Kingfish go much deeper through this period and are definitely not as common around the rocks. I know they can turn up quite regularly in 100 metres or more through the winter. You will meet the odd one while snapper fishing, but it’s not a good time of year to head off to the furthest ledge with all your LBG gear. Occasional years will see water temperatures stay a little higher than normal; through such periods you may experience a little more activity than would be expected.

November to January: Through this period kingfish will spawn. They require water temperatures around 18 degrees Celsius to be successful, much like snapper. Most years we will not see these temperatures inshore until December. Somewhere in November, water temps will climb to around 16 to 17 degrees. At this point the kingfish will become more active and common around the rocks. These fish will be heavy with roe and fat. In my experience many of the really large kingfish I have seen landed are caught around this time.

Come December most kingfish will be starting to spawn. This is an unusual time as the fishing can be all on or all off. Most of the fish you meet will be adults, generally in excess of 15kg, and some much bigger. There must be some spawning in November, as in December I have seen some pretty skinny kingfish. When these fish are on the go, they can be ravenous and respond really well to livebaits, lures etc.

January is a tough month for catching kingfish, particularly larger ones. There will nearly always be fewer of them around through January than in the preceding two months. Smaller kingfish will start to make an appearance though, as the water temperature starts to climb.

February to July: This is prime time for the rock fisho, and everything starts to crank up. February is the start, and normally there are good numbers of rat kings around, with the odd better one starting to show after spawning. These larger fish tend to be in poor condition, having lost a lot of weight (sometimes 20%) through the spawning period. March sees a mix of large and small kingfish, but come April and May, smaller rat kings begin to thin out in numbers (I have no idea where they go) and larger adult fish begin to predominate.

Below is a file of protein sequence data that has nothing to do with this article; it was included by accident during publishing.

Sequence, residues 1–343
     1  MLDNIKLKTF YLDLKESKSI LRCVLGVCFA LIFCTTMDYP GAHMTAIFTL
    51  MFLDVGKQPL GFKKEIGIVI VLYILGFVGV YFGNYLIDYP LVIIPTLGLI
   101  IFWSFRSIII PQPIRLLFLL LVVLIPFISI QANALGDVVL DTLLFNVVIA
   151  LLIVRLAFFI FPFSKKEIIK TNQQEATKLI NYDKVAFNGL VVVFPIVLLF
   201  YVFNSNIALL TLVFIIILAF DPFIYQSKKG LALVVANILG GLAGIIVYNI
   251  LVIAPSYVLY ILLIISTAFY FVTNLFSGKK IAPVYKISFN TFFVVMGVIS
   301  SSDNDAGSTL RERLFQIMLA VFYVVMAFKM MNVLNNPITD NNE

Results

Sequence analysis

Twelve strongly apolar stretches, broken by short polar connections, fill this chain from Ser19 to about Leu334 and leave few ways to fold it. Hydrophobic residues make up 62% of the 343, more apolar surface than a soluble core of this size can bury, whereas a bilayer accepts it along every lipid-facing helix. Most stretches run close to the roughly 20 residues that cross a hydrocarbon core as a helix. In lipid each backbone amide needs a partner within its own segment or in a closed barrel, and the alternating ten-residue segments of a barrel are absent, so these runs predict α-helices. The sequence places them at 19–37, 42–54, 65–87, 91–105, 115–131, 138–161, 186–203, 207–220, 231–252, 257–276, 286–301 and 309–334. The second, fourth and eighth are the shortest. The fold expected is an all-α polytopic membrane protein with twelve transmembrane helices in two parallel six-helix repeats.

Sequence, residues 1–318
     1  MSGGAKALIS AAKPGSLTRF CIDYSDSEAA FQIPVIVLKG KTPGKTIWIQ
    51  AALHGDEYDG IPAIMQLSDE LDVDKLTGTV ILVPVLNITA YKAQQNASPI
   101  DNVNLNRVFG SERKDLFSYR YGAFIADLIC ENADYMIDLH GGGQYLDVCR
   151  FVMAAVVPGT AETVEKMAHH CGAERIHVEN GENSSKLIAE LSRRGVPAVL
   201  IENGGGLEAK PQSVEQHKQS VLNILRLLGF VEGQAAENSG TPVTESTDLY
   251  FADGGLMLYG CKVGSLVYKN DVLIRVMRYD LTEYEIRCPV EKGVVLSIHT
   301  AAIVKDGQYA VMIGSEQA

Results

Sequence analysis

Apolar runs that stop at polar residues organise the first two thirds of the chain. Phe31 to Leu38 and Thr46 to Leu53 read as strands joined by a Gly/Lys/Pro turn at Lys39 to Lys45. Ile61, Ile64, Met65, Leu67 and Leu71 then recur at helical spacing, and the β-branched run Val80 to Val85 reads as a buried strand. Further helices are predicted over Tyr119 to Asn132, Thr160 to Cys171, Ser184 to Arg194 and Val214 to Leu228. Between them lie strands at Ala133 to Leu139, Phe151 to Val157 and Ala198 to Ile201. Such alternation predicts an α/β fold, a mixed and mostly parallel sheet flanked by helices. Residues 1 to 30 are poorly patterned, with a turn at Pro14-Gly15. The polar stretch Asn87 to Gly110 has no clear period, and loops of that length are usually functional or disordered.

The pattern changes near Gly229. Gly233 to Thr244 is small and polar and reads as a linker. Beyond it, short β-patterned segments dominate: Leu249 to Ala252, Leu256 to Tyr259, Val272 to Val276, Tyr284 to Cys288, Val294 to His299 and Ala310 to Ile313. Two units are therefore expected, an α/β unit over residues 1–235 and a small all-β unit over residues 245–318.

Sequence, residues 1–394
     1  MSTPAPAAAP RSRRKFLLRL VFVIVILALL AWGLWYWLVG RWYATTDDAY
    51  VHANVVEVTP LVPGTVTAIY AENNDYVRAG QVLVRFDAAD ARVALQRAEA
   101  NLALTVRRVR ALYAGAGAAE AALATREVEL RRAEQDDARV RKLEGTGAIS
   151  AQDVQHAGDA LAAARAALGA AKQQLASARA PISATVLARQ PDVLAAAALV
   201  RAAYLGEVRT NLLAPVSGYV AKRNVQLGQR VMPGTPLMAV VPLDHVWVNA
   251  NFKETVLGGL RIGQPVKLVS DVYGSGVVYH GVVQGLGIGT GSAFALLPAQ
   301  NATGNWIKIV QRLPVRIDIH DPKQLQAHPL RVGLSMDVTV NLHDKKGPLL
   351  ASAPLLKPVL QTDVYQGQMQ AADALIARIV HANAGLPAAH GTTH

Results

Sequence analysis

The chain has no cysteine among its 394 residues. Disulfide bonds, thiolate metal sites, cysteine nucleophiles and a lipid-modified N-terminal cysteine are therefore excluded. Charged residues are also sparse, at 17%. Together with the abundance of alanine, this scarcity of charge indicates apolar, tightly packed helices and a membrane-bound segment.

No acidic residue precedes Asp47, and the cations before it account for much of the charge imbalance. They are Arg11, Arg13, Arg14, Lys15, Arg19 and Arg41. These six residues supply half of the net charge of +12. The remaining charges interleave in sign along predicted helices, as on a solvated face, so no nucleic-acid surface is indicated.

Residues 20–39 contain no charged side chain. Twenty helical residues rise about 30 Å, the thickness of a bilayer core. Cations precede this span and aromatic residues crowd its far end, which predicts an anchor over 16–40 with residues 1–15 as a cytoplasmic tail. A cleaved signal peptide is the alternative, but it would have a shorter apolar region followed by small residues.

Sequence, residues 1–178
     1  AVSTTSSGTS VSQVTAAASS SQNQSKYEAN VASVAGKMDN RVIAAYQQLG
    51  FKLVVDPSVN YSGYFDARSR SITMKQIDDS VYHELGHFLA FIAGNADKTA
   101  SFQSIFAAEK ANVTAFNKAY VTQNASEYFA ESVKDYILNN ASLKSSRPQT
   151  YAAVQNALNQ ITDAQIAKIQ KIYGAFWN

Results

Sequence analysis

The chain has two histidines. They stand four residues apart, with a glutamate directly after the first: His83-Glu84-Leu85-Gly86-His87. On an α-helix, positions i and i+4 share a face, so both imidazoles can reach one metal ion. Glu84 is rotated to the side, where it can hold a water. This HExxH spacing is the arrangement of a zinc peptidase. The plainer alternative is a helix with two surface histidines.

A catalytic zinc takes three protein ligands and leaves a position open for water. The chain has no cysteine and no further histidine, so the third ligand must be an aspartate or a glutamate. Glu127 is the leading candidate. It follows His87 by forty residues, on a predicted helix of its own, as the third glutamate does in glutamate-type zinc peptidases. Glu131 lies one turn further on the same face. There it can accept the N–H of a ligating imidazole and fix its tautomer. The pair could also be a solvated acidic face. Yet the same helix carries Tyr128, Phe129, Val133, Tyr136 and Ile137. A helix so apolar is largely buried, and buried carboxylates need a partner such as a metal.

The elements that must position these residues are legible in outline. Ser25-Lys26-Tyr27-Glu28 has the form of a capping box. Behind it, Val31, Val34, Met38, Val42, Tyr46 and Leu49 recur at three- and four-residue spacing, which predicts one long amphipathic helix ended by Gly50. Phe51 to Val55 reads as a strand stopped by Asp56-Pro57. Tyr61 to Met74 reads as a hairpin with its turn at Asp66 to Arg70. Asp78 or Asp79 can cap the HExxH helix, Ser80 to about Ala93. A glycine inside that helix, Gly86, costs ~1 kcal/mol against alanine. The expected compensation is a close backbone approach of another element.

June and July are often overlooked by anglers. No, they are not the best two months, but they can be surprisingly productive at times. I have seen some great days through this period – and when mixed with prime-time snapper fishing, they can be truly memorable.
The weather, however, will be the greatest determining factor. Highs and lows seem to come screaming across the Tasman Sea at this time of year so the weather can be very changeable. Don’t try and plan trips too far in advance; instead, be prepared to fly when things look good. And always remember to take sea temperatures into account, as some years when the sea cools very quickly after autumn, so too does the fishing.

Do time, tide and moon have an affect?
These three influences can greatly affect your success. I have never done a diary study (I don’t keep one), but have made observations over a period of many years and come to some reasonably sound conclusions. However, we all know that rules should never be set in concrete, because there are times when you will be proven completely wrong. For instance, never tell another angler that the lure they plan to use will not work; you will have brought on the wrath of the fishing gods, and can just about guarantee that it will.